First of all, the Big 12 had no options to rebuild to 12 members, without crippling the value of its television contract. No available prospect would have meant as much television money to the conference as it was losing with Nebraska (and eventually A&M). The networks sacrificed to keep the Big 12 stable, paying the same rate for TCU and West Virginia as it was for A&M and Missouri. It wasn’t going to add a similar bump for Louisville and Cincinnati, or Boise State and Brigham Young, or Houston and Central Florida. 

Adding two more mouths to feed would have lessened the per-school payout. That would have made the gap between the Big 12 and the SEC/Big Ten even greater. OU and Texas would have been looking to get out even sooner. 

As for A&M or Nebraska or anyone else coming back to the Big 12, there's no way. Who functions that way? Come join us for less money (a lot less) and less prestige (a lot less) and less certainty (a lot less). 

No school is going to take a massive cut in television money, with no great promise of it rising. Businesses don’t do that. People don’t do that. You might take a risk, but only with a big reward. The Big 12 offers no big reward. 

This is a market-driven problem. 

Bill Hancock’s Olympic adventure 

Another Olympiad has arrived, and you know what that means – daily dispatches from everyone’s favorite Oklahoman, Bill Hancock. 

The Hobart native who has carved a career as director of college sports’ biggest events – the Final Four for decades, now the College Football Playoff since its 2014 inception – is a long-time Olympic volunteer, going back to the 1984 (summer) and 2006 (winter) games. 

Hancock writes a daily letter to family and friends, giving them an inside look at Olympic life. He and his wife, Nicki, are in Tokyo: 

“July 23, Friday: (Please excuse the typos and lousy writing in this friendly message to family members. They are sweethearts and so will not object to sloppiness. Must hurry, because there is much Olympics to explore.) 

“Commute by bus from the Hotel Sunroute Ginza through the thrilling city, then across the graceful Rainbow Bridge — 42 minutes to the Media Transport Mall (MTM), then seven more easy minutes on a different bus to the Main Press Center (MPC). 

“The MPC and IBC (International Broadcast Center) are in the splendid Tokyo Big Sight convention center. It’s a big ole place. 

“Breakfast: Fruit cocktail, YLS (yummy little sausages), fried eggs, pasta and corn. 

“Experimental Japanese Food Du Jour – Sticky soybeans. Looked like a cross between dippin’ dots and a French delicacy, but tasted a lot like shoes. Came with little packets of sauce. If I had been able to open the packets, maybe the sticky soybeans would have tasted like shoes avec sauce.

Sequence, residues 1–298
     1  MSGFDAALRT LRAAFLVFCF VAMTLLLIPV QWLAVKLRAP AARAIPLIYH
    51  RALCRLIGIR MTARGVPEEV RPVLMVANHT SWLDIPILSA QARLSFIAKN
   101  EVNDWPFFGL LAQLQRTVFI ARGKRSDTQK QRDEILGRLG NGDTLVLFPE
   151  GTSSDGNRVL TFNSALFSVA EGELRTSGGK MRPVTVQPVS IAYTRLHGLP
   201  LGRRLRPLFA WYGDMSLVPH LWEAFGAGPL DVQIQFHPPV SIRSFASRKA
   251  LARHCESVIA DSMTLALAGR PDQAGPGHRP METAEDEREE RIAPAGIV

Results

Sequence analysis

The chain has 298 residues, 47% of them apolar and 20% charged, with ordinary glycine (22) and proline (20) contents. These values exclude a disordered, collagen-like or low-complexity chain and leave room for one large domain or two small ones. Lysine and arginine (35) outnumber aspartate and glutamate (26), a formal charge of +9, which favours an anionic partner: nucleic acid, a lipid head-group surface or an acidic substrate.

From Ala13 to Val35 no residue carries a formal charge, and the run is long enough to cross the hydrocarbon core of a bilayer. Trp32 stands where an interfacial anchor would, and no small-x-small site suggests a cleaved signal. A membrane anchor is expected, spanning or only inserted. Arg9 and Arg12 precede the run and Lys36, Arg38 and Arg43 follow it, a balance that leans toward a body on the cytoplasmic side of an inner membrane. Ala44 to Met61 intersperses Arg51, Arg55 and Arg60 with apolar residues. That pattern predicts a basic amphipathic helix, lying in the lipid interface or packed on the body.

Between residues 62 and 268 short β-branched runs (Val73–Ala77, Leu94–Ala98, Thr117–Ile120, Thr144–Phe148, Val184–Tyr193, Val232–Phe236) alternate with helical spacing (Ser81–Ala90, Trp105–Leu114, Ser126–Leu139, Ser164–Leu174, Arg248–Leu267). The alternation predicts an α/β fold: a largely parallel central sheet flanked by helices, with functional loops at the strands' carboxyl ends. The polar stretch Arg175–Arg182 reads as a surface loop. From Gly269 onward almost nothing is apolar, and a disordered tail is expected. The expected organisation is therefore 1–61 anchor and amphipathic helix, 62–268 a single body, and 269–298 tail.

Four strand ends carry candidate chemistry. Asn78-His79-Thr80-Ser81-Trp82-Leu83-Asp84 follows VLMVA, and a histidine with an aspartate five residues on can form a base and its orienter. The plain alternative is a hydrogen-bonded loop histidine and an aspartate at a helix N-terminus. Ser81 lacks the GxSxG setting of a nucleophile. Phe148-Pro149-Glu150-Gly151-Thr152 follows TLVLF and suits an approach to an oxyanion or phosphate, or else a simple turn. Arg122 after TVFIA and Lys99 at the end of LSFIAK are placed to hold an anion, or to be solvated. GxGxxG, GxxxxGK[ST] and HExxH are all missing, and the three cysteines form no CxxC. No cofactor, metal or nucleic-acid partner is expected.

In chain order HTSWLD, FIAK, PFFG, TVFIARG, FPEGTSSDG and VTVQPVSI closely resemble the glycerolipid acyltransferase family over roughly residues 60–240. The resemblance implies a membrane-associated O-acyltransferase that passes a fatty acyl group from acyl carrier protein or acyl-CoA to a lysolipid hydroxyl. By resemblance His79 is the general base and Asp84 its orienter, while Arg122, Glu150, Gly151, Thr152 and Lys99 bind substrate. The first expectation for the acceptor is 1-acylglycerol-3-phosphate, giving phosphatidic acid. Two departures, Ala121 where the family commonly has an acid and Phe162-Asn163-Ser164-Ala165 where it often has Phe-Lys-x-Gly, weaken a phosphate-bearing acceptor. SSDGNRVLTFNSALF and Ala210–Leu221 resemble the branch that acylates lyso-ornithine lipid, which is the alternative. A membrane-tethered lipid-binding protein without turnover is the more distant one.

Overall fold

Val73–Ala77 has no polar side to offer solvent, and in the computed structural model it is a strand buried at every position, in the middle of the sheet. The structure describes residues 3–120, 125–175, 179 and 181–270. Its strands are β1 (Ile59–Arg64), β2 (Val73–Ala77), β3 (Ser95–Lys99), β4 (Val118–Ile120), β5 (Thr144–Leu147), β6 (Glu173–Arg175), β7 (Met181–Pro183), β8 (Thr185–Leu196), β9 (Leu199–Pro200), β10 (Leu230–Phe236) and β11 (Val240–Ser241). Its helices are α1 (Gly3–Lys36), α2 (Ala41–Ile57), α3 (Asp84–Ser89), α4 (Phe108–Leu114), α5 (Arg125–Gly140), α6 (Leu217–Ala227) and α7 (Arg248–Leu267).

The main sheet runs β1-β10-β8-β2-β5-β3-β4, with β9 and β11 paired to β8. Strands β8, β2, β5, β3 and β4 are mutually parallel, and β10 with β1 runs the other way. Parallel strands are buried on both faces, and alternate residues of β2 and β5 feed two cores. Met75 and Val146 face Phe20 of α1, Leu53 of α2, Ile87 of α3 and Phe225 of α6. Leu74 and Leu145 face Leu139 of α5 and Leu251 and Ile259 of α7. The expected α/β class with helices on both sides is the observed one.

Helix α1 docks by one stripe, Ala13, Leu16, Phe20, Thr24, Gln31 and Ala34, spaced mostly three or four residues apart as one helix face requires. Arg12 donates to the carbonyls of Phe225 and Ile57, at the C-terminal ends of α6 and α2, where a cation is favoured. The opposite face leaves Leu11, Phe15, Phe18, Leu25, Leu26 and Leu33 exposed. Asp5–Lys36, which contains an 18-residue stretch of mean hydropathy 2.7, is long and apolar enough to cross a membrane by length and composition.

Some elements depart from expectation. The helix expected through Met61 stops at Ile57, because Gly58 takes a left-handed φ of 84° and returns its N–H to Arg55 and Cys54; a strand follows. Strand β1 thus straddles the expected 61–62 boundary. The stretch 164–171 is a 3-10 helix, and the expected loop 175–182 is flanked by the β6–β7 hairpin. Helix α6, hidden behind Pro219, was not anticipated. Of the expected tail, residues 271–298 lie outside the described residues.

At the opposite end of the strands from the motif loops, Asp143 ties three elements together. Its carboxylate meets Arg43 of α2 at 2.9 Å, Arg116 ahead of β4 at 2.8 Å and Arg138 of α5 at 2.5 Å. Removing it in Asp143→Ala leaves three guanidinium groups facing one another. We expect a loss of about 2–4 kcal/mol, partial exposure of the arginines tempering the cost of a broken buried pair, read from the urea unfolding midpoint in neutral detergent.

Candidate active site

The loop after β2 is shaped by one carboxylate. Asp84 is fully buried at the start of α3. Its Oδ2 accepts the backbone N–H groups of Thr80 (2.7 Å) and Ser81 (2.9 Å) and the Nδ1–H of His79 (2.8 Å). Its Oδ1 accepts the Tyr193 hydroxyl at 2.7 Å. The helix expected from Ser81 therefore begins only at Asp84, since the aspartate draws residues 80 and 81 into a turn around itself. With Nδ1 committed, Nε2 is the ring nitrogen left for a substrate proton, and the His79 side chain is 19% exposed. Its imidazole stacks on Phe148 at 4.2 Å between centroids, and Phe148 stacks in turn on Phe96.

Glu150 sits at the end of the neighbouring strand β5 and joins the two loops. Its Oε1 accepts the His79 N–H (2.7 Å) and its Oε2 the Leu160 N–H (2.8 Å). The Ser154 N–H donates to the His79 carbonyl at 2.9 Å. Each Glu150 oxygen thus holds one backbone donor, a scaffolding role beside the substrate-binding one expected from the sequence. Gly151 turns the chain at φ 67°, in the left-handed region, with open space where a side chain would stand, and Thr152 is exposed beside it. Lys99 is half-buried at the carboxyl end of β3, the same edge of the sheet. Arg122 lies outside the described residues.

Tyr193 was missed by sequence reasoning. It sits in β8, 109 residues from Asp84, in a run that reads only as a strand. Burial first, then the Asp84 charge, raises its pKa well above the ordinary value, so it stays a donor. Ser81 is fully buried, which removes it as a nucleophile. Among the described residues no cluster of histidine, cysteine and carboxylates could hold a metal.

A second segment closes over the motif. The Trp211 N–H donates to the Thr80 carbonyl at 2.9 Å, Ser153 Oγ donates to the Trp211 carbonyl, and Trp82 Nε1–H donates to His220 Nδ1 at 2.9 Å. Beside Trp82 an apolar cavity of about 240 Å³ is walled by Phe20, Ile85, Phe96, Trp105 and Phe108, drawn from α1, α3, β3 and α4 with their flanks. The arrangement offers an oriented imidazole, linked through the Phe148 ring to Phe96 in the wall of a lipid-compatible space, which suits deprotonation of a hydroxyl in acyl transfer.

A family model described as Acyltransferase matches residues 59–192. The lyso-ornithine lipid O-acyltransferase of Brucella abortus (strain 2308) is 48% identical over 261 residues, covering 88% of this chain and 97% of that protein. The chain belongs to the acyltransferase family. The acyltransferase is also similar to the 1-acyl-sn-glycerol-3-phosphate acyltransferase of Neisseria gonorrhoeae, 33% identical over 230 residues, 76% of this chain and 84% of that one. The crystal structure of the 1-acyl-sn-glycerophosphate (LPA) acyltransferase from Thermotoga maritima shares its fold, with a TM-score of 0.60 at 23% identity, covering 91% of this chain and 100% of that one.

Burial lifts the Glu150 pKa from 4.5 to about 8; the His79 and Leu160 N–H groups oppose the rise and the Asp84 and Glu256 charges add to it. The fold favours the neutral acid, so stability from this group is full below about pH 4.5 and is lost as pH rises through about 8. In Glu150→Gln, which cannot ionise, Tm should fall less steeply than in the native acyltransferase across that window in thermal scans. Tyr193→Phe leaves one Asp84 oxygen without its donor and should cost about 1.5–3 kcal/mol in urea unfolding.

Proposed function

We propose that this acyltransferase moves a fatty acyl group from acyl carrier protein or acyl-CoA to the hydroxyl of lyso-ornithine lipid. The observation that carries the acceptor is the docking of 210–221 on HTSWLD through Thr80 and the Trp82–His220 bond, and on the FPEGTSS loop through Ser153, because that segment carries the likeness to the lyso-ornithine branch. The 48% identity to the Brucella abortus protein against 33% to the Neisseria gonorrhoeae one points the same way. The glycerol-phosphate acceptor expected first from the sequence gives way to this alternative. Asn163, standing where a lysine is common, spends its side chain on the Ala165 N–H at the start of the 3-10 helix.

“The MPC is hoppin’ today. It’s opening ceremony day! (Pet peeve that I picked up from Mark Jones: don’t call it ‘ceremonies.’ There’s only one. It’s like the College Football Playoff. Singular.) 

“Volunteer du jour: Tom, American college student, trying to direct reporters to their seats. And, maybe more importantly, to the concession stand. 

“I’ll bet if you asked 100 Olympics people what year it is, 50 would say 2020, because of Tokyo 2020. I haven’t heard anyone bat an eye about these being the 2020 Games. 

“They did bat for a couple of days because your shirt is the only way to dry hands in the restroom. No paper towels. No blow driers. I usually just shake them, like the hokey pokey.  

“Comment from a friend back home in America: ‘I assume they’ll be busing you to the Olympic sites? Are you all running the press area on this trip? That’s what you have done in the past. Correct?’ Answer to same friend: Yes on the buses. But no on ‘running’ anything. I am a minion. And loving it! 

“In the airport we saw an ideal example of suiseki, the Japanese art form with beautiful arrangements of small rocks designed around plants and larger rocks. The ground is ridges of small rocks, looking like a perfectly plowed, newly planted cotton field. 

“In the MPC there is a small house filled with examples of ikebana. The sign says to just stand, smell the flowers, and relax and pray for the end of Covid and for world peace. Nicki does that every day. 

“Lunch: Granola, carrots and a roll with butter and strawberry jelly, left over from breakfast. Oh, and two Oreos. 

“In PyeongChang, the local hosts gave us little plastic cups with noodles for free. Here, we get chocolate bars the size of dominoes. Four times a day, a guy fills a tray with milk, dark and super-duper milk versions. They’re gone in 37 minutes or so. Yummy. 

“I need to say this: even for us devotees of Allen Fieldhouse, the Olympics is the greatest sporting event in the world. 

“Weather: Hot and windy again. High 90. Low a sweet low-70s. The bay brings romance. 

“Japan Fact that surely must be true because somebody told me: Tokyo was formerly known as Edo. The name was changed to Tokyo in 1890 in the Meiji Restoration.